We have used the instrumented van to continue our study of changes in ultrafine particles near freeways by taking Transmission Electron Microscopy (TEM) samples for morphological analysis of 50 nm mobility diameter particles. Samples were taken on-freeway and at 30, 60, and 90 m downwind of the freeway. For samples collected on and near I-405, most (>90%) opaque particles were surrounded by a transparent material. This suggests that the aerosol was internally mixed. The number of particles with multiple inclusions increased with distance from the freeway, suggesting that dilution does not prevent particles from colliding and merging.

Future Activities:

We plan to use the concentrator to obtain concentrated samples of fine and ultrafine particles for chemical or biological assays. We plan to conduct a study of I/O ratios for vehicles under different ventilation conditions. We plan to collect large samples of particulate and vapors on freeways and other sites for chemical and biological assays.

Journal Articles:

No journal articles submitted with this report: View all 34 publications for this subproject

Supplemental Keywords:

health effects, human health, sensitive populations, dose-response, enzymes, particulates, epidemiology, environmental chemistry, modeling,, RFA, Health, Scientific Discipline, Air, particulate matter, Environmental Chemistry, Health Risk Assessment, Risk Assessments, Ecological Risk Assessment, Ecology and Ecosystems, cardiopulmonary responses, chemical characteristics, human health effects, toxicology, cardiovascular vulnerability, airborne particulate matter, chemical composition, biological mechanisms, biological mechanism , traffic related particulate matter, human exposure, mobile sources, ambient particle health effects, ultrafine particulate matter, respiratory impact, PM, cardiotoxicity, cardiovascular disease, human health risk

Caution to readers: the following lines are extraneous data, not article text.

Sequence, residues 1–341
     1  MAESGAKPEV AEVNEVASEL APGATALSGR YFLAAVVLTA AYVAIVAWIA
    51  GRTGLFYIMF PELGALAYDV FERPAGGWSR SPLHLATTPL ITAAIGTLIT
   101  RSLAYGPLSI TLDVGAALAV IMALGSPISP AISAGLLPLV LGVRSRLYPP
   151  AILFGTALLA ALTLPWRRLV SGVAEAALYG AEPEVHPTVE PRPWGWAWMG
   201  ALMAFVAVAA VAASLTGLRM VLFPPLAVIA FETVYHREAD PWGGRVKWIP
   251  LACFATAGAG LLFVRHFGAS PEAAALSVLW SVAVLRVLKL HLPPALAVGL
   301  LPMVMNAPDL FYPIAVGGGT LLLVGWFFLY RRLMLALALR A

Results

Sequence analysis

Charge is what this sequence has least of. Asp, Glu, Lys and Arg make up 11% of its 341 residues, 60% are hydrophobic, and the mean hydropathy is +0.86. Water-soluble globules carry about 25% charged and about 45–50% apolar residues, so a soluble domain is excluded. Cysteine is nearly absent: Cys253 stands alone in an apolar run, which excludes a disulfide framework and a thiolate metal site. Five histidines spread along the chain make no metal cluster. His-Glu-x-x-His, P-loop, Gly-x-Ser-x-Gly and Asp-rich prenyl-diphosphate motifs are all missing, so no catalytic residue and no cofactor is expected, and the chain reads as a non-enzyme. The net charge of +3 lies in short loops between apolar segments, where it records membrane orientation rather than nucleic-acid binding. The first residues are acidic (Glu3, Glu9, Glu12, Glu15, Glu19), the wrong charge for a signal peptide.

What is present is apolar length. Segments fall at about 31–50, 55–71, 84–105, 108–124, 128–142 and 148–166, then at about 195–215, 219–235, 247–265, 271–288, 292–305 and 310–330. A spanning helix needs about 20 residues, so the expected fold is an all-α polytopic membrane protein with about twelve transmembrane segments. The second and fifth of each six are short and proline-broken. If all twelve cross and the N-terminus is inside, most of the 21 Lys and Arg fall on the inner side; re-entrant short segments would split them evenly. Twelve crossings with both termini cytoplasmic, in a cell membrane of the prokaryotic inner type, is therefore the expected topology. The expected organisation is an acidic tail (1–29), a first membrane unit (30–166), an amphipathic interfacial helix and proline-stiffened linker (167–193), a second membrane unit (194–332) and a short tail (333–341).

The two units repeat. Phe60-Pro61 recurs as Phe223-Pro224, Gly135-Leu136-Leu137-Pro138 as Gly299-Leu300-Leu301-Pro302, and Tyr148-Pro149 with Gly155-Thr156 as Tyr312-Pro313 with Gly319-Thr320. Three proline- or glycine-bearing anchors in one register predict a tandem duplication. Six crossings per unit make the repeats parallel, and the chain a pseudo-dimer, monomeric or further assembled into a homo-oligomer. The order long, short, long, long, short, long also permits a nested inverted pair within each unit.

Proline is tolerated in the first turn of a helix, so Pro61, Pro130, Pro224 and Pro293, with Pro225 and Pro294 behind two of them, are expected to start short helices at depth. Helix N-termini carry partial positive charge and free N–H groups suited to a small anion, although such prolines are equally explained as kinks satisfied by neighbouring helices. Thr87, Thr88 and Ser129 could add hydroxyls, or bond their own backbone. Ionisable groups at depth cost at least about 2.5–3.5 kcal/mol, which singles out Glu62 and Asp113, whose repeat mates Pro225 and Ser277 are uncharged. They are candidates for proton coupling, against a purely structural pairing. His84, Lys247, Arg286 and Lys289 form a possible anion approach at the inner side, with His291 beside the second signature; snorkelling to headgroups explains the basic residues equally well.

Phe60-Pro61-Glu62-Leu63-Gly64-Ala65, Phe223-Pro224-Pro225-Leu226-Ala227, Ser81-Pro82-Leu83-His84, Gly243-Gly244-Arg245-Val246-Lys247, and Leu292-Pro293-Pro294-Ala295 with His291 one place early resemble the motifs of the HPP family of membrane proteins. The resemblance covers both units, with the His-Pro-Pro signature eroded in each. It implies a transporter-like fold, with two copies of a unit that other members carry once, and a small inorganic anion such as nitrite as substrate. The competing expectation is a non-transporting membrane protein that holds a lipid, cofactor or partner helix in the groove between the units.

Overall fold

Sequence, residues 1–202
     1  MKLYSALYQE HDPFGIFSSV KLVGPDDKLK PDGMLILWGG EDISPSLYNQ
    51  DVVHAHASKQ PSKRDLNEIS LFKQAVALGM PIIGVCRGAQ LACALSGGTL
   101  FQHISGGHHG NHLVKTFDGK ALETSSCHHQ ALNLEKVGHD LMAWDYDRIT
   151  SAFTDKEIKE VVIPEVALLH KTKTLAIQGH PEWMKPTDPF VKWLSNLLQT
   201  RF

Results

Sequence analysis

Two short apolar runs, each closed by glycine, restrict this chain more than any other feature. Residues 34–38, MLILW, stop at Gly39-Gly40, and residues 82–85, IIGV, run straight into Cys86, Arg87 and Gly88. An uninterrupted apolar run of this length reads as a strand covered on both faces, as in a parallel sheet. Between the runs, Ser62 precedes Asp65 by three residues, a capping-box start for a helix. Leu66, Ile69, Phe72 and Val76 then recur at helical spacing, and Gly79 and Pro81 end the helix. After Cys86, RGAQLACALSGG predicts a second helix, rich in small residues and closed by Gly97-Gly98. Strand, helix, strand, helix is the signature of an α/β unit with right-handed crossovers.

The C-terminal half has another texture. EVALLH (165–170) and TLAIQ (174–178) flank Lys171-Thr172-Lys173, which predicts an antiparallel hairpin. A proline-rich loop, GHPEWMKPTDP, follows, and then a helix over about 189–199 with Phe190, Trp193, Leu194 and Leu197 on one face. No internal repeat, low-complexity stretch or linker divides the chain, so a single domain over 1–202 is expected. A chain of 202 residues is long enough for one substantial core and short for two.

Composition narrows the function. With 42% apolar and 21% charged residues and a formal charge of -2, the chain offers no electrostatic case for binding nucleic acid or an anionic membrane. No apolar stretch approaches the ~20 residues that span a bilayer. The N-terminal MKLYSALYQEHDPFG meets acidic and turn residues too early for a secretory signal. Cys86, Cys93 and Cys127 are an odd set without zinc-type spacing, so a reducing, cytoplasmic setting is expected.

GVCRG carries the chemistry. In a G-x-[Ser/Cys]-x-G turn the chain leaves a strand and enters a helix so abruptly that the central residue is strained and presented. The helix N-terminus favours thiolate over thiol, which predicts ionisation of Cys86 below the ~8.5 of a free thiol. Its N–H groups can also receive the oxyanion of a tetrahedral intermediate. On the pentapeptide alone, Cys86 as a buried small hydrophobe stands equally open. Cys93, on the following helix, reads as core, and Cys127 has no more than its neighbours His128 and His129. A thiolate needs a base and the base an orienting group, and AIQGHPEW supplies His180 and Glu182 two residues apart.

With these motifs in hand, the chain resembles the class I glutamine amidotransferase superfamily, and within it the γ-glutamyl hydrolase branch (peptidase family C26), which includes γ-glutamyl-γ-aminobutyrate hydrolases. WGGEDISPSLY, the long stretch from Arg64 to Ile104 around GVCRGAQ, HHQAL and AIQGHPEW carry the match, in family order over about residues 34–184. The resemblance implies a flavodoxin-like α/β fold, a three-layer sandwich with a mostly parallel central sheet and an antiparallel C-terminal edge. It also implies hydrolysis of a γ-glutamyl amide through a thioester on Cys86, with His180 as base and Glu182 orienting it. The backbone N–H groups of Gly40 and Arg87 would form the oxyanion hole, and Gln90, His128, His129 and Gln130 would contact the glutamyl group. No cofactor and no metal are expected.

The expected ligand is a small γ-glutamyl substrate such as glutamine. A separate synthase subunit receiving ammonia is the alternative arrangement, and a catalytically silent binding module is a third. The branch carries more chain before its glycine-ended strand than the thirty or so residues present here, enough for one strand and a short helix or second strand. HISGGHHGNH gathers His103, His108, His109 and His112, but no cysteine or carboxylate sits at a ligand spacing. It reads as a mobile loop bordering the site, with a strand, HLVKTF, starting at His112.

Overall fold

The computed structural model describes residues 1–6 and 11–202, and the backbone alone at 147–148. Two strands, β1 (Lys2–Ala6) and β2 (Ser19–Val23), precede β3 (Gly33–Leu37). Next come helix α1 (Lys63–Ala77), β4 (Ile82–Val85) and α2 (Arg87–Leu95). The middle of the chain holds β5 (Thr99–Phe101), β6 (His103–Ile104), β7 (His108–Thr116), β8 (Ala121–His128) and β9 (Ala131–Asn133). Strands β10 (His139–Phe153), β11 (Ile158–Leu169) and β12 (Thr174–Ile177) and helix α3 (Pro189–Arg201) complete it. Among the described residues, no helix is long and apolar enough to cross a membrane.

Relevant Websites:

http://www.scpcs.ucla.edu/ Exit

Progress and Final Reports:

Original Abstract
  • 2007 Progress Report
  • 2008 Progress Report
  • 2009 Progress Report
  • 2010 Progress Report
  • 2011
  • Final Report

  • Main Center Abstract and Reports:

    R832413    Southern California Particle Center

    Subprojects under this Center: (EPA does not fund or establish subprojects; EPA awards and manages the overall grant for this center).
    R832413C001 Contribution of Primary and Secondary PM Sources to Exposure & Evaluation of Their Relative Toxicity
    R832413C002 Project 2: The Role of Oxidative Stress in PM-induced Adverse Health Effects
    R832413C003 The Chemical Properties of PM and their Toxicological Implications
    R832413C004 Oxidative Stress Responses to PM Exposure in Elderly Individuals With Coronary Heart Disease
    R832413C005 Ultrafine Particles on and Near Freeways